Saturday, 28 June 2014

Your stomach is his

Mum - it's amusing and amazing to me, you are very much like your father
Me - really? How
Her - Well, your stature is similar to his, see that flat curve of your stomach? That looks like it holds nothing and everything? That's his
Me - well, what's yours in me?
Her - Your resilience.
There's silence.
Me - Well, well, i meant physical ma.
Her - i know what you meant. Your humour is his too. All the rest are me.

I was pretty sure my sardonic humour was my mother's. She'd deny this of course, who wants to be responsible for a child that can joke about death? Or like now, say much with so little. I said nothing all the same.

I cock my head to the side and guffaw, my empty flat stomach rising and falling as i imagine this. This unequal split of parts. I always knew i had many parts of my father. Duh you might think!

I thought of my great grand aunt who'd in turn praise the him she saw in me, and insult the him in me that was incorrect to her. Like, that streak of stubborness, she wanted to wane out. Especially, when my no was final. And aged 13, i said no in many ways. I silently rebelled, when i did the dishes but left the tea spoon, or when i feigned sleep so i could write another letter to my mother after lights out. The long limbs that could reach the taller book shelf, the biscuit tin behind the glass cabinet. The gait of kpekpeye she'd say in edo. They'd laugh. I'd look askance, even then, less so now. I understood better. They wanted me to understand. Although, i wasn't sure if i was a duckling in the good or bad way.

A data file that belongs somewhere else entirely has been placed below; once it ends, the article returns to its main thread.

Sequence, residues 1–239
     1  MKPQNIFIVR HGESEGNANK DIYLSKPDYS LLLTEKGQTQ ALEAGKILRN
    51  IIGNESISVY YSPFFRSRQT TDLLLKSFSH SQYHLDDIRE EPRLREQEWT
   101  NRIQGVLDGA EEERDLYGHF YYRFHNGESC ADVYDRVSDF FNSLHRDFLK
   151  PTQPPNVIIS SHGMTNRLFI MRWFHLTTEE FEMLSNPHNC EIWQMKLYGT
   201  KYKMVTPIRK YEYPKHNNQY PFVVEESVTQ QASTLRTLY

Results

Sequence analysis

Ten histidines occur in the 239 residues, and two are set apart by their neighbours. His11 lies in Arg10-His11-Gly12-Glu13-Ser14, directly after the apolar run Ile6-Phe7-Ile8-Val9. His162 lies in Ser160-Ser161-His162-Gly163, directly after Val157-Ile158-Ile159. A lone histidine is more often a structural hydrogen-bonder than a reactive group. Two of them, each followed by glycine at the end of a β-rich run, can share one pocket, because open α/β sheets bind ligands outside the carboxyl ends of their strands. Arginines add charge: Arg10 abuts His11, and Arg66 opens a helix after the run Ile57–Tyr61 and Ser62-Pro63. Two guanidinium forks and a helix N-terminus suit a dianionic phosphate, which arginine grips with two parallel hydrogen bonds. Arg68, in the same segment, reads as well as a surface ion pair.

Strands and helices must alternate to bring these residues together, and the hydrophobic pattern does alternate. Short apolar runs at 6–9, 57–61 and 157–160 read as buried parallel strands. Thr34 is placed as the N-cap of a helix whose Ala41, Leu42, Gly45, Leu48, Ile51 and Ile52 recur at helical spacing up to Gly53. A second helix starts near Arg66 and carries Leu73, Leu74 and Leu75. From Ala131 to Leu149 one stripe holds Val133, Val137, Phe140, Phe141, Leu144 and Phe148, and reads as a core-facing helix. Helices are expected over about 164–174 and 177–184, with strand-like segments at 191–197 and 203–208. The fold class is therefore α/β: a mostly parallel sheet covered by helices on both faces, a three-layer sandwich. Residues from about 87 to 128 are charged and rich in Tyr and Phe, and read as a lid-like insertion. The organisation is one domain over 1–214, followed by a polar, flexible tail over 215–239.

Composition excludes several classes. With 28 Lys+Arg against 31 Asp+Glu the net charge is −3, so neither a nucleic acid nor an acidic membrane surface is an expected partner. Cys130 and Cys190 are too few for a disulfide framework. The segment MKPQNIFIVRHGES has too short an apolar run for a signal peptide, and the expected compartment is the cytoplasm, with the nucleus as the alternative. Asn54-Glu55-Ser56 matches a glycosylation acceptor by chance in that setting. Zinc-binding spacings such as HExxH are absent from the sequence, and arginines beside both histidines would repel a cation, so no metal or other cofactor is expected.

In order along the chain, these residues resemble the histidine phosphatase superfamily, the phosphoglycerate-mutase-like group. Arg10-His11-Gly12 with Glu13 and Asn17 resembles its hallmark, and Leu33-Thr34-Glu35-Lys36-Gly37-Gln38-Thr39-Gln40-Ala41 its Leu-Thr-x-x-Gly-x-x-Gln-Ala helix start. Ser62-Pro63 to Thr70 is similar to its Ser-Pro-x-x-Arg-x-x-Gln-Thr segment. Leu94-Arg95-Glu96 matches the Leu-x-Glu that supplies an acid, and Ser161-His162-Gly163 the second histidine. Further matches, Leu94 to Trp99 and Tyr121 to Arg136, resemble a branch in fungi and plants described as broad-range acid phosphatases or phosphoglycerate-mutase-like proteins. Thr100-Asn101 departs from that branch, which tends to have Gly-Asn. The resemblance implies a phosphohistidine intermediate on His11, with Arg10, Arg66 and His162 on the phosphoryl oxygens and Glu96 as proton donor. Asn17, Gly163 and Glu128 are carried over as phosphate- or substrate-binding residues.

Years before that, an aunt would explain in the queen's english, precisely why i was a bastard. I'm aged 8 and confused. Afterall, I saw my father the day before. What did she know anyway. Except, according to the dictionary i'd find she was correct. But, why did she smile when she told me this? She seemed to relish my attempt to reject that label. So she had repeated again ' and this is why you are what a bastard is' she was 13 or 14. She closed the dictionary with the finality of a judge sentencing me to life imprisonment.

I'd now look at these arms, those running legs. My eyes narrowing. To myself i'd say 'oni ma mean enwin' (that doesn't mean anything)

She was talking again

Mum - You know, i think you have one of his ways of thinking too.
Me - does he over analyse too?
Mum - Not always, then again neither do you. I meant your clear logic
Me - it hasn't always served me well.
Mum - No, not always. Sometimes, you must listen, damwe hudun we (listen to your mind)
Me - I tried, ekhor mwen zuo ugbenso (my heart is mostly stupid)
Her - I know, that's why i said your gut or your mind. At the very least rhie ekhor wey le le gbe (take your heart with mind)

I wondered silently, who's that was. Whose heart i inherited. I'm sure that was neither, that was all me.

Neither of us say anything for a moment.

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